“Finish my sentence” game | noreply@blogger.com (Steve Smith)

This is an idea from teacher Sophia West, who posted it on Facebook on the MFL Teachers’ Lounge group. I’m sure she won’t mind me reproducing it here. Sophia wrote:

”If you’ve played Cards Against Humanity you’ll know what I’m getting at, but for those who haven’t, I tried a game called “finis ma phrase” with Y10 and Y11 today and it worked really well! Can be done orally or on whiteboards for written work. I did it both ways today with some very patient French exchange students!

I just put a simple sentence starter on each slide of a PowerPoint, e.g. “j’adore manger…”; “le français me…

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The latest additions to frenchteacher | noreply@blogger.com (Steve Smith)

I’m between visits abroad at the moment, having been to Guadeloupe and Florida in late January/early February and soon to spend a fortnight in Costa Rica in March. When I’m home I like to keep frenchteacher.net fresh with new resources, so here are the ones I’ve added in the last three weeks.

Beginner/low intermediate

A PowerPoint to introduce simple comparatives. Includes pair work and simple writing.

A PowerPoint. Asking for directions. Nine destinations, pour aller au/à la/à l’ simple phrasing: just turn left, turn right, go straight on. Built in simple paired conversation practice….

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Sentence Stealers with a twist | noreply@blogger.com (Steve Smith)

Image: pixabay.comSentence Stealers is a reading aloud game invented by Gianfranco Conti. I’ll describe the game to you, then suggest an extension of it which goes a bit further than reading aloud. By the way, I shouldn’t need to justify the usefulness of reading aloud, but just in case, we are talking here about matching sounds to spellings, practising listening, pronunciation and intonation and repeating/recycling high frequency language patterns.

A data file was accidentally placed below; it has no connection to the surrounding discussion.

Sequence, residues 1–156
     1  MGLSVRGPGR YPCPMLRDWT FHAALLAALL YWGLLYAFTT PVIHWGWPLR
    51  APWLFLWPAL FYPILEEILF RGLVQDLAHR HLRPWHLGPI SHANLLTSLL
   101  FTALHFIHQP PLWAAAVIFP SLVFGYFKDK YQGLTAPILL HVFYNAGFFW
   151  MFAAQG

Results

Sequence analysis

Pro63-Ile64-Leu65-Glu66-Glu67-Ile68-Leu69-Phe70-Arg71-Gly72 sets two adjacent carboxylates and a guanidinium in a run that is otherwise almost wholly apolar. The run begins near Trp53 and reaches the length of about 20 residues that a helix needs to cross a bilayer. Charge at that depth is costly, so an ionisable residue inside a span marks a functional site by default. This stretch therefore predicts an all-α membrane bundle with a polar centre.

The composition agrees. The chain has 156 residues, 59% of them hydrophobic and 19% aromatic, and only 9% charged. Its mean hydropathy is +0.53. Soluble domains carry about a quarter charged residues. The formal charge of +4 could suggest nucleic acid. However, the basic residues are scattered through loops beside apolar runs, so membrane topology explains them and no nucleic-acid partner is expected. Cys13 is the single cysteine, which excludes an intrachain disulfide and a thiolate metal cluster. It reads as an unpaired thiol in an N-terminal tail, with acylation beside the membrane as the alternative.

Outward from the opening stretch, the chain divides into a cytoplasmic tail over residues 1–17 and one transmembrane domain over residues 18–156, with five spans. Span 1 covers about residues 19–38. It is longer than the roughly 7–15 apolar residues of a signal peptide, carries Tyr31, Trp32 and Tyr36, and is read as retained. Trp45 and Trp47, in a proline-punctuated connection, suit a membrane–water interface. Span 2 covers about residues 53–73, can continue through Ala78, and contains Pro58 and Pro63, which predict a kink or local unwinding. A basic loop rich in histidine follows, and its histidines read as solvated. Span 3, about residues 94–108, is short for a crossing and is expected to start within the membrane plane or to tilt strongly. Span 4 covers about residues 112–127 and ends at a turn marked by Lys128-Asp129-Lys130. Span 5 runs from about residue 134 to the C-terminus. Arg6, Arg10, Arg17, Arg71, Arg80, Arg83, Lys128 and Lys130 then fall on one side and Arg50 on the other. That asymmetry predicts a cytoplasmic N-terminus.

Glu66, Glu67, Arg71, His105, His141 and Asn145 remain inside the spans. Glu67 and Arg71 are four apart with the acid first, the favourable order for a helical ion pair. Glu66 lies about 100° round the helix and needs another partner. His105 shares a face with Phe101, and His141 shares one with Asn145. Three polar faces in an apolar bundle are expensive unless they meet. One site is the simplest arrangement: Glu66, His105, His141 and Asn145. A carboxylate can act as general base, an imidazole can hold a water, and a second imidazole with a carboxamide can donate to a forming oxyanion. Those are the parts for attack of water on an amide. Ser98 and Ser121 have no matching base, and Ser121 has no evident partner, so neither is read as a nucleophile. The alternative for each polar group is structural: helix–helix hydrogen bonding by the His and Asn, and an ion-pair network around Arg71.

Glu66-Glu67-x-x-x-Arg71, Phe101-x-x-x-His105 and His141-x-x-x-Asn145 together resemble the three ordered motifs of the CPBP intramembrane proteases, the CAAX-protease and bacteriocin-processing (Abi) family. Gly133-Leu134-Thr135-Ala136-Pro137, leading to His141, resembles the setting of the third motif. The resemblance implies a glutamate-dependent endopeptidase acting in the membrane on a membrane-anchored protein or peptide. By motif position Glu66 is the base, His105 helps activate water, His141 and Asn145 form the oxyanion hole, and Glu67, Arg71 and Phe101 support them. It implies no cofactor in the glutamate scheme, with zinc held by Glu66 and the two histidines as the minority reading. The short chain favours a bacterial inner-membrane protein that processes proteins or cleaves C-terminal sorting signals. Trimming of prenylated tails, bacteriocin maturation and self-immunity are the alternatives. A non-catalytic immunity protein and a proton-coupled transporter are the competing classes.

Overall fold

This is how it works:

Display around 15 sentences on the board, preferably ones which show language patterns you have been working on recently…

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A-level reading resource: le Puy du Fou | noreply@blogger.com (Steve Smith)

Puy du Fou. Image: pixabay.comHere’s a resource I uploaded the other day to frenchteacher.net. Tripadvisor is a great source of reading material, once you do some serious adaptation and name changing. This resource combines, reading with other skills to provide the basis of a decent lesson. Apologies for formatting issues when copying from Word.

Puy du Fou – commentaires sur Tripadvisor.fr

Une journée inoubliable aussi bien pour les petits que pour les grands. Un parc qu’il faut vraiment découvrir. Les spectacles sont grandioses. Nous n’avons pas regretté les quelques heures de route…

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Language Latte podcasts | noreply@blogger.com (Steve Smith)

Happy to share this with you all. After recently plugging the #MFLTwitteratiPodcast from Joe Dale and Noah Geisel, here’s another one I’ve come across: Language Latte from Becky Morales. The topics have an American bias to them, but UK teachers should get lots of ideas from the wide range of topics covered. Each episode of around 30 minutes has a theme and an interview with a teacher. The podcasts are accompanied by quite detailed show notes with references for further follow-up.

Recent episodes have looked at: using video for creating lessons with lots of comprehensible input, using photos…

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Interaction in second language learning (Part 2) | noreply@blogger.com (Steve Smith)

This is the follow-up blog to my previous one summarising Chapter 6 of the book Second language Learning Theories by Mitchell, Myles and Marsden (2013).

So where were we?

The authors go on to look at the Output Hypothesis (Swain) and the role of prompts in corrective feedback. This hypothesis from Merril Swain’s work with Canadian students learning L2 French through content-based teaching. Although these students developed comprehension abilities close to their native speaker counterparts, their productive abilities were less convincing. Swain assumed this was because they were largely…

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Students’ perceptions of the motivational pull of TPRS | noreply@blogger.com (Steve Smith)

Spanish teacher Liam Printer, a keen practitioner of the TPRS approach, kindly sent me a copy of a paper he has had published in The Language Learning Journal (January, 2019). Liam works at an international, English-medium secondary school in Switzerland and he carried out his research with his own pupils. He wanted to focus on the motivational nature of TPRS, seen through the prism of a particular model of motivation called SDT (Self-Determination Theory). Let me concisely summarise his very clearly written paper, then add one or two reflections of my own.

To teachers with little or no…

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